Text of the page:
Doctoral Student Documents the Life and Career of Metropolitan Opera Flutist Trudy Kane

By Greg Waxberg

The life story of a notable instrumentalist in the opera world has been documented by a rising musician who learned from her. Trudy Kane served as Principal Flutist of the Metropolitan Opera Orchestra from 1976 to 2008, then taught at the University of Miami’s Frost School of Music, where she is Associate Professor Emeritus.

One of her students was Emily Dierickx, who recently received a Doctor of Musical Arts in Instrumental Performance. To honor her mentor, Dierickx chose to write her doctoral essay in the form of an oral history of Kane’s career.

“She’s had an amazing career as a performer and a great reputation as a pedagogue. I started researching her, and not much was coming up. There have been some notable interviews, but not much in-depth. I wanted to document her stories,” Dierickx, a member of The National Flute Association’s Archives and Oral History Committeetold OperaWire.

A benefit of Dierickx’s work is that it puts a rare spotlight on a musician from an opera orchestra.

“We usually think about top orchestras like Boston and Berlin. Trudy Kane is one of the best flutists I’ve ever heard and learned from, and the Metropolitan Opera Orchestra is one of the best—they deserve to be written about.”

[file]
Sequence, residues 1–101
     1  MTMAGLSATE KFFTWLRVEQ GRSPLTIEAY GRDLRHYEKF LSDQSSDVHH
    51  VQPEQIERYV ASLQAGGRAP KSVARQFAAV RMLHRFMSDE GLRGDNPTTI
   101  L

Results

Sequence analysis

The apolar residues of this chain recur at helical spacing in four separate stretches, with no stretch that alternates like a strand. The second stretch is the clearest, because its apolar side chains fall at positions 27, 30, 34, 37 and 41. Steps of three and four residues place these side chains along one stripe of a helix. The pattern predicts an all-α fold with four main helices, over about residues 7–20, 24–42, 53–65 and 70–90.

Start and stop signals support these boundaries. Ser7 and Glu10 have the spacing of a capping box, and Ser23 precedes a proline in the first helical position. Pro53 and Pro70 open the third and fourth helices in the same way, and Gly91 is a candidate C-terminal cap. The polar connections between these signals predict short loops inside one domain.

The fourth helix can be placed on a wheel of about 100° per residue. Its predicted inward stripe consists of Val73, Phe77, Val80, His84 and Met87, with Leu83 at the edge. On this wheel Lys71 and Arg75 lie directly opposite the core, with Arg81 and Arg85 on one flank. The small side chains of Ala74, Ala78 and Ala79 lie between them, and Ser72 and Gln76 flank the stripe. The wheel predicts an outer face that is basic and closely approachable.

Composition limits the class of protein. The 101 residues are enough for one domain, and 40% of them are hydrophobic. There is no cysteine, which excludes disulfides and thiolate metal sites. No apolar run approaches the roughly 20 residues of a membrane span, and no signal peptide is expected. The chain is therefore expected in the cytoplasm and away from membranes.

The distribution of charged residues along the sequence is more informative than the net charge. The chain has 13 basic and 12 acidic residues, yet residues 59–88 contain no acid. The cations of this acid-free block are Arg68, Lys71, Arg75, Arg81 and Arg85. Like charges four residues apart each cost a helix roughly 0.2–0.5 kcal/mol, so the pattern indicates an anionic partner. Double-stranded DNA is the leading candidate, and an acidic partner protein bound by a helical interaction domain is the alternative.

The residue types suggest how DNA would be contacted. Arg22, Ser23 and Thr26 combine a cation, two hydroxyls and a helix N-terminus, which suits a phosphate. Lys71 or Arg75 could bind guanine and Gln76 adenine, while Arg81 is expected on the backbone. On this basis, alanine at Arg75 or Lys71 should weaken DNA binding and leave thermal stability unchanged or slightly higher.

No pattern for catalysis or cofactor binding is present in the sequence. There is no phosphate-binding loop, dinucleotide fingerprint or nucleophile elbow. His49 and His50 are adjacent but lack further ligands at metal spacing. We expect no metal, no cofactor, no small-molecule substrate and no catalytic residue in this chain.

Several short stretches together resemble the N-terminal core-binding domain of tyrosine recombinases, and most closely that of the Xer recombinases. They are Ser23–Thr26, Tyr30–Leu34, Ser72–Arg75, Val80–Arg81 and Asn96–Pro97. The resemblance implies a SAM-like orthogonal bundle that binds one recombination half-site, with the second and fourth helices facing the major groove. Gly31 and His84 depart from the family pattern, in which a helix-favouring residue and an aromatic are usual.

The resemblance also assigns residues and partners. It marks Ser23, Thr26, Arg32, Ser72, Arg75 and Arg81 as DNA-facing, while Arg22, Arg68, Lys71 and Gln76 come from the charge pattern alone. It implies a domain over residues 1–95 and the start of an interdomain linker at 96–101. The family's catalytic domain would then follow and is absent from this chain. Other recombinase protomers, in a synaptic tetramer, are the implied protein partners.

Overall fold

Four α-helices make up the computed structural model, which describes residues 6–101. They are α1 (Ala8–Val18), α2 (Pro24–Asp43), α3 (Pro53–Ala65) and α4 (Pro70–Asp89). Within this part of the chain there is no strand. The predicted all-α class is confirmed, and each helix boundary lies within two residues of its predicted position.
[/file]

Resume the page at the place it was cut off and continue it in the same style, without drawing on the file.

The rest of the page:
More than anything, Dierickx emphasizes Kane’s nurturing side.

“I started my college career as a naïve music lover who wanted to be a performer and professor, to have the best of both worlds, but had no clue what it meant to ‘make it’ in the flute world. I had this amazing growth spurt during my time with Trudy.”

She attributes this growth to Kane’s faith in her students and her abilities to unlock potential, remove mental barriers, and develop individual artistry.

“She never gives the impression that life in the music field is easy, but she always encourages us by letting us know that it is possible. She regularly shares that the keys to being successful in the music world are preparation, perseverance, and kindness.”

Dierickx also says that Kane “showed me everything that a professor could be. I love performing, but teaching has always been a passion. Being her student made me want to teach even more because she is so patient, but she pushes us out of our comfort zone in the kindest way.”

When asked about aspects of Kane’s career as a female instrumentalist that have surprised and inspired her, Dierickx pauses. “I was surprised by her stories of being a woman principal and having certain colleagues question why she was there. I thought that was something that had happened earlier in history than the 1970s, and had gone away, but [it was still happening].” For inspiration: never giving up, and sharing accomplishments with her students, such as students premiering her new arrangements for flute choir and performing at conferences she attended.

“My biggest takeaway from knowing Trudy and studying her career is that she has an amazing ability to win people over,” Dierickx says. “She has the most endearing personality.”

Dierickx is planning a second oral history project on Trudy Kane.